A bankruptcy judge has blocked a lawyer’s efforts to collect on an unpaid legal bill, ruling that a state court’s “turn over” orders did not constitute valid liens against as-yet undelivered federal tax refunds.
The decision means the lawyer’s entire $17,507 judgment for legal fees, costs and interest will be discharged in bankruptcy, despite orders from a general district judge directing payment of the client’s tax refunds. The client received a total of $4,496 in tax refunds, but ignored the court orders to pay them to her former attorney.
The decision from U.S. Bankruptcy Judge Rebecca B. Connelly is Knight v. Eppard (VLW 012-4-006).
The ruling leaves Harrisonburg lawyer Lisa L. Knight empty handed after representing Monica Brown in divorce proceedings in 2008 and 2009, according to court records. Knight did not return a call for additional information as of press time.
Knight filed suit to collect her bill in 2010 and won a judgment for $14,890.22 in Rockingham County General District Court. Apparently finding no other property to levy on, Knight obtained two orders from that court ordering her former client, now known as Monica Eppard, to turn over her 2010 and 2011 state and federal income tax refunds.
Eppard failed to turn over her tax refunds as ordered and filed for bankruptcy.
Knight asked the bankruptcy judge to declare that the “turn over” orders created a lien on the tax refund money and the client’s refusal to make payment amounted to conversion, making the amount of the refunds a non-dischargeable debt.
Knight’s collection effort foundered on two facts, however. One, when the general district court orders were entered, the client had not yet received the tax refunds at issue. Two, Knight failed to show the client had malicious intent in keeping the tax refunds.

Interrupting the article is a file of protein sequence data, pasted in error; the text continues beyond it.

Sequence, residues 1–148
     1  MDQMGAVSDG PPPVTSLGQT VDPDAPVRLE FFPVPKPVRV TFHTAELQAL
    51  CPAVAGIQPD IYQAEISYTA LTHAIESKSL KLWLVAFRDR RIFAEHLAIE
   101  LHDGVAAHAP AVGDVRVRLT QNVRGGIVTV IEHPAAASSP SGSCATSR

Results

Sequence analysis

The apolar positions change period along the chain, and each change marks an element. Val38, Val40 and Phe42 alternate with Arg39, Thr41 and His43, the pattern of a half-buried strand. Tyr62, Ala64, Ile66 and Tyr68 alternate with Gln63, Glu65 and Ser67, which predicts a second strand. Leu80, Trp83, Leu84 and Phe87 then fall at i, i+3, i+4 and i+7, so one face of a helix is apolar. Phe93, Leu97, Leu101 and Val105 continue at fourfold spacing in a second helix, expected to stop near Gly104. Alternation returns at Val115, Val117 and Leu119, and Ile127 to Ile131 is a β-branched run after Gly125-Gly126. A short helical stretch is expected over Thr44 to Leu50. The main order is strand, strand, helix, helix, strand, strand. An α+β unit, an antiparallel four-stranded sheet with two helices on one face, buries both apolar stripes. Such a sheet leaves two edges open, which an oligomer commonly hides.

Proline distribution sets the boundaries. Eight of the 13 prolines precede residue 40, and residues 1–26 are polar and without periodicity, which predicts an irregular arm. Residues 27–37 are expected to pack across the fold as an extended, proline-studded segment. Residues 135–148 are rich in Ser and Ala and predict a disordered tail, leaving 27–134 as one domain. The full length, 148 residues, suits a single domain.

Connelly said the general district court’s orders did not “effectuate or convey to Lisa Knight a property interest in the future tax refunds of Monica Eppard.” Hence, no lien was created.
Connelly also found no willful and malicious injury to Knight.
“Absent sufficient facts to support a finding that the debtor intended to spend a refund that she knew did not belong to her, without justification or cause, the court cannot find that the violation of the Rockingham General District Court order constitutes a willful and malicious injury to property excepting the debt from discharge,” Connelly wrote.
Any penalties for Eppard’s failure to pay over the tax refunds would have to come from the general district court, Connelly said. “Violation of the state court collection order subjects Ms. Eppard to sanctions but was not in this case conversion of property or injury to property,” Connelly wrote.
Eppard was represented by David L. Meeks of Staunton. Knight was represented by Dana J. Cornett of Harrisonburg. Neither returned calls for comment as of press time.